It is rare, indeed, to witness an important moment in world history: I’m old enough that I saw man’s first step on the moon, I saw the Berlin Wall fall (both on TV…thank you, TV), and today my old friend let me see an historic triumph of freedom and peaceful resistance to oppression in Egypt. It’s an important reminder to us cynics to everyone about the power of ideas, and of the human spirit. And like Gandhi and King and others taught, it shows that monumental change can be gained without resorting to violence. How’s that taste, Al Qaeda?
I don’t know what’s going to happen next, but neither do the wingnuts who are certain that Muslim fundamentalists will soon be in power in Cairo. Any assertion that Muslims, as a group, would rather live in a theocracy than a democracy is just flat wrong—as groups, Muslims and non-Muslims prefer democracy, and in virtually identical percentages. Did hundreds of thousands of Muslims peacefully fill the streets of Cairo around the clock for the last three weeks to get out from under a secular dictator so they can submit to the whims of religious zealots?
Today the military is in charge in Egypt, and while on its surface “military assuming power from civilians” does seem to be the definition of “coup” this doesn’t feel that way. It was the police that pushed back against the demonstrators in Cairo, but the army kept things from blowing up and seemed to be on the side of the people instead of the president. The military leadership gives me the impression that even if they weren’t eager to see Mubarak go, they were smart enough to see that he couldn’t stay. (And props to the protesters themselves for their patience and restraint after the disappointment of Mubarak’s Thursday speech when he said he wasn’t leaving; any other response might have forced the military to take another course.)
We shall see what comes next. In the meantime, the old reliable Explainer at Slate has a very good list of answers to some nuts and bolts questions about what’s going on in Egypt.
Does the delivery system really make a difference, or do we just like to let ourselves get all caught up in something new? I think the answer is, yes.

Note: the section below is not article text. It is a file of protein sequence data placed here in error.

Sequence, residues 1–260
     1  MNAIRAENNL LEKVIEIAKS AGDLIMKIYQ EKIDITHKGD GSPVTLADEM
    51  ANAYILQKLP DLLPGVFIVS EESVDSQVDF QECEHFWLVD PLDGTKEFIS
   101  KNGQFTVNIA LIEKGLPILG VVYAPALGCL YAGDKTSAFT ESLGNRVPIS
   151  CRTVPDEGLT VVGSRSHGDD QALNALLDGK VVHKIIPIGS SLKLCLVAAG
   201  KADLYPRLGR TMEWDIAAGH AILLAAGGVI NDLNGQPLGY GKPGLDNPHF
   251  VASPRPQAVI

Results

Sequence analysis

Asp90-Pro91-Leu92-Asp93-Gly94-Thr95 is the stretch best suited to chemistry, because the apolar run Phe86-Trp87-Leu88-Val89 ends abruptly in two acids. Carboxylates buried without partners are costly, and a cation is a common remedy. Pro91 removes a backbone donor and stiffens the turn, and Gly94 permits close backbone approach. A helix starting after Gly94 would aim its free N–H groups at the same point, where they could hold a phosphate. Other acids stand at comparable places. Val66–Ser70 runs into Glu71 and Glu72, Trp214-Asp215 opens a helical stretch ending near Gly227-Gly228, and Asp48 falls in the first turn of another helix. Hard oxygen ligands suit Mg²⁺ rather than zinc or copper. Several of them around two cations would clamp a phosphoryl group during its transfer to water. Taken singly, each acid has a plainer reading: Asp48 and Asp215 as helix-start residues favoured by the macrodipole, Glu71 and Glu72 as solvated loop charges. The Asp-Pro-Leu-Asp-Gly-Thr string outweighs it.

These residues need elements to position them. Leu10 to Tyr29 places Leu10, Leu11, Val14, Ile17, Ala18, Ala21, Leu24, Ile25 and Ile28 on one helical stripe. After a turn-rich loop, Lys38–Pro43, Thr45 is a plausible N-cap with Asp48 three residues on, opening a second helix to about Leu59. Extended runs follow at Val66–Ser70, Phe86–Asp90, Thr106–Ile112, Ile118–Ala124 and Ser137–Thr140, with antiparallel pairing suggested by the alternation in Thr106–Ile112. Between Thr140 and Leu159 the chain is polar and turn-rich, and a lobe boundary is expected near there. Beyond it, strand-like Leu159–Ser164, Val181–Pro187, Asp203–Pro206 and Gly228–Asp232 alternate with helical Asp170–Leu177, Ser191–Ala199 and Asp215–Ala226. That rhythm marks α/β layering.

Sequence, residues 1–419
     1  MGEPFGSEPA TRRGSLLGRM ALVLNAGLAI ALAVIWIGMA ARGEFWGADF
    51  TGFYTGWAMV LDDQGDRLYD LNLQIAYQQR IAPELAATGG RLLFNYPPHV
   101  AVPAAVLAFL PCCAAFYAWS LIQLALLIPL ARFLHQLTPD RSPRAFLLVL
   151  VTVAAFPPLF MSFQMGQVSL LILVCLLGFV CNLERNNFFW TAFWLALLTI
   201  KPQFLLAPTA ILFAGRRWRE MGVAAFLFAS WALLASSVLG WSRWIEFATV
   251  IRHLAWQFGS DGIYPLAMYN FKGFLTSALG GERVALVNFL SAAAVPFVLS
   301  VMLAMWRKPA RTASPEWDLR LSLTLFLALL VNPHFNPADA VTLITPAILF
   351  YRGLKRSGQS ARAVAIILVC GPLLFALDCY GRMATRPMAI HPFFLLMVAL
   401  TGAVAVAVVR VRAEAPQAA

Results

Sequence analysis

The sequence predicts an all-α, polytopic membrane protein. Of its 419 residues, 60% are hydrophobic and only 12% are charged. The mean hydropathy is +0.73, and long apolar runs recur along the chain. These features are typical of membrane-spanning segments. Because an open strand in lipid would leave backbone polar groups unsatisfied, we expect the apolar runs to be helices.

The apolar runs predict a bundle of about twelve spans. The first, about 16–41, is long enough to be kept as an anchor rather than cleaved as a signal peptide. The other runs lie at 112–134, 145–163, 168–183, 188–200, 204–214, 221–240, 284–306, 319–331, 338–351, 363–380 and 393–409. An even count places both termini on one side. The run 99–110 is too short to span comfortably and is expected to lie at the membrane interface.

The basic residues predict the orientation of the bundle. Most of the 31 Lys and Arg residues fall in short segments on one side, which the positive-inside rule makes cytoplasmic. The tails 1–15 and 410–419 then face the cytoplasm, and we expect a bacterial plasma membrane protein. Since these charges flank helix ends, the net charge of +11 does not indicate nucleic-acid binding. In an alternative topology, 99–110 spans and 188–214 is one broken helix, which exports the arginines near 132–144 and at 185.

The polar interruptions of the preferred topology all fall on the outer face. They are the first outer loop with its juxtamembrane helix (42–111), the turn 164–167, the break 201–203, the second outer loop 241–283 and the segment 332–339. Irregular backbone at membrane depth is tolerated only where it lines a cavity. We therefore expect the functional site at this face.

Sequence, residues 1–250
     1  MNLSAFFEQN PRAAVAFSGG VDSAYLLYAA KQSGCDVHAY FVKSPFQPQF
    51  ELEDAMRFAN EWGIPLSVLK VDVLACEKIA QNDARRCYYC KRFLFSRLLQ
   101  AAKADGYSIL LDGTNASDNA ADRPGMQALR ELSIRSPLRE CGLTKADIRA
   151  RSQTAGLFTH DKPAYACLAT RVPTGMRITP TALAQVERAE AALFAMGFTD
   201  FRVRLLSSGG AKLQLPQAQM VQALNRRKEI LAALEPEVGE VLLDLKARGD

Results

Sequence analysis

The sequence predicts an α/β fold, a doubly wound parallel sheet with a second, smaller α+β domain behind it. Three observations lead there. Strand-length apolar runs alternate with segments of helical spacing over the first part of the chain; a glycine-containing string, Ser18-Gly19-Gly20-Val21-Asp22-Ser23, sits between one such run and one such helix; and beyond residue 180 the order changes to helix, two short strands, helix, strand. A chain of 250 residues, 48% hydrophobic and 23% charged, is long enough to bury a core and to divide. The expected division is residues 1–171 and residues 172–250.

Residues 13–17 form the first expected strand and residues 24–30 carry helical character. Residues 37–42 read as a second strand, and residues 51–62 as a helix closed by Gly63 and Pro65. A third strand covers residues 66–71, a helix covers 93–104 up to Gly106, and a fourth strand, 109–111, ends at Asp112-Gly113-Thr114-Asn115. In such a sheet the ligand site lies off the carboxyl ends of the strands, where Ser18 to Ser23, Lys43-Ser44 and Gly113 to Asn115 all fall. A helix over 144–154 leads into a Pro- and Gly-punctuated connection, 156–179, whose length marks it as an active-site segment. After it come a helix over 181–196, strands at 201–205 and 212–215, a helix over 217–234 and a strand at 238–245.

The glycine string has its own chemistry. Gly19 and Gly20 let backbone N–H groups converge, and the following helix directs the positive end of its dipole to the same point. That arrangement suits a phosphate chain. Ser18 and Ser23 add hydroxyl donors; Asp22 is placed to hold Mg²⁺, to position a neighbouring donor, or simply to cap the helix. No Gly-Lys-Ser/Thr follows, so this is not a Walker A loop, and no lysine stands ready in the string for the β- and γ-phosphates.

Last week Lord Google announced Google TV, its proprietary flavor of The Next Big Thing: Internet television, IPTV. I’m not surprised to see Google out front on this: a system to deliver television programs over a fast Internet connection to a set top box for presentation on the ginormous high definition display at the heart of the family entertainment center. If I can sit in my big comfy chair and enjoy cool Internet stuff on the same big clear monitor where I watch my teevee shows, and can get my shows on demand instead of on someone else’s schedule, why wouldn’t I?
This nirvana is not without its perils, though (but you knew that, right?): along with further diminishment of shared communal experience, local broadcast TV stations and their news operations are at economic risk. The respected former newsman and Silicon Valley CEO Alan Mutter makes the case for the threat to local stations: once I can watch anything on my giant TV on demand, I will; so, the value item that local TV stations offer advertisers—a mass audience at a time certain—will start to diminish; and with it, the high profits local stations earn.
Then Mutter takes the next step: reduced profits mean less revenue available for the local broadcaster to spend on programming, specifically local news, which is the majority of any local station’s local programming.
Now I have my issues with local TV news, but I agree with Mutter:
A contraction in local TV news coverage, combined with the recent curtailment of newspaper coverage in most communities, will deprive our society of even more of the authoritatively reported information that is the lifeblood of a healthy democracy.
So, it’s our convenience and amusement vs. an informed and active citizenry? Uh oh…
Television has been my friend since I was just a boy; it still is. It’s taken me to the Enterprise for Tribbles and to the moon for Tranquility, to Yankee Stadium for Larsen’s perfect game, to Berlin to see the wall fall. Color television made it clear that the Ponderosa was fake, and thrilled me when the peacock fanned its tail. I’m still drooling at what I see on my HDTV.
Tee Vee has made me laugh, made me cry, and for years has made me my money…although I laugh about that part to keep from crying.
But who knew it was taking dead aim at my heart!
The conclusion of the Australian researchers, reported today in the American Heart Association journal Circulation, is that more time spent watching television comes with a significant increase in risk of death than does watching less television. They also find that exercise alone is not the answer, that “we also need to promote avoiding long periods of sitting, such as spending long hours in front of the computer screen.”
Just a minute…gotta stretch.
No long periods of sitting? What if I sit for four or more hours reading? Have there been reports of high death rates among the world’s book editors? And woe to those who sleep sitting up, like your cube farm neighbor.
Personally, I wonder if there’s any special dispensation: does it count against me when I watch TV professionally? And, is there transitive benefit I can gain by watching other people exercise?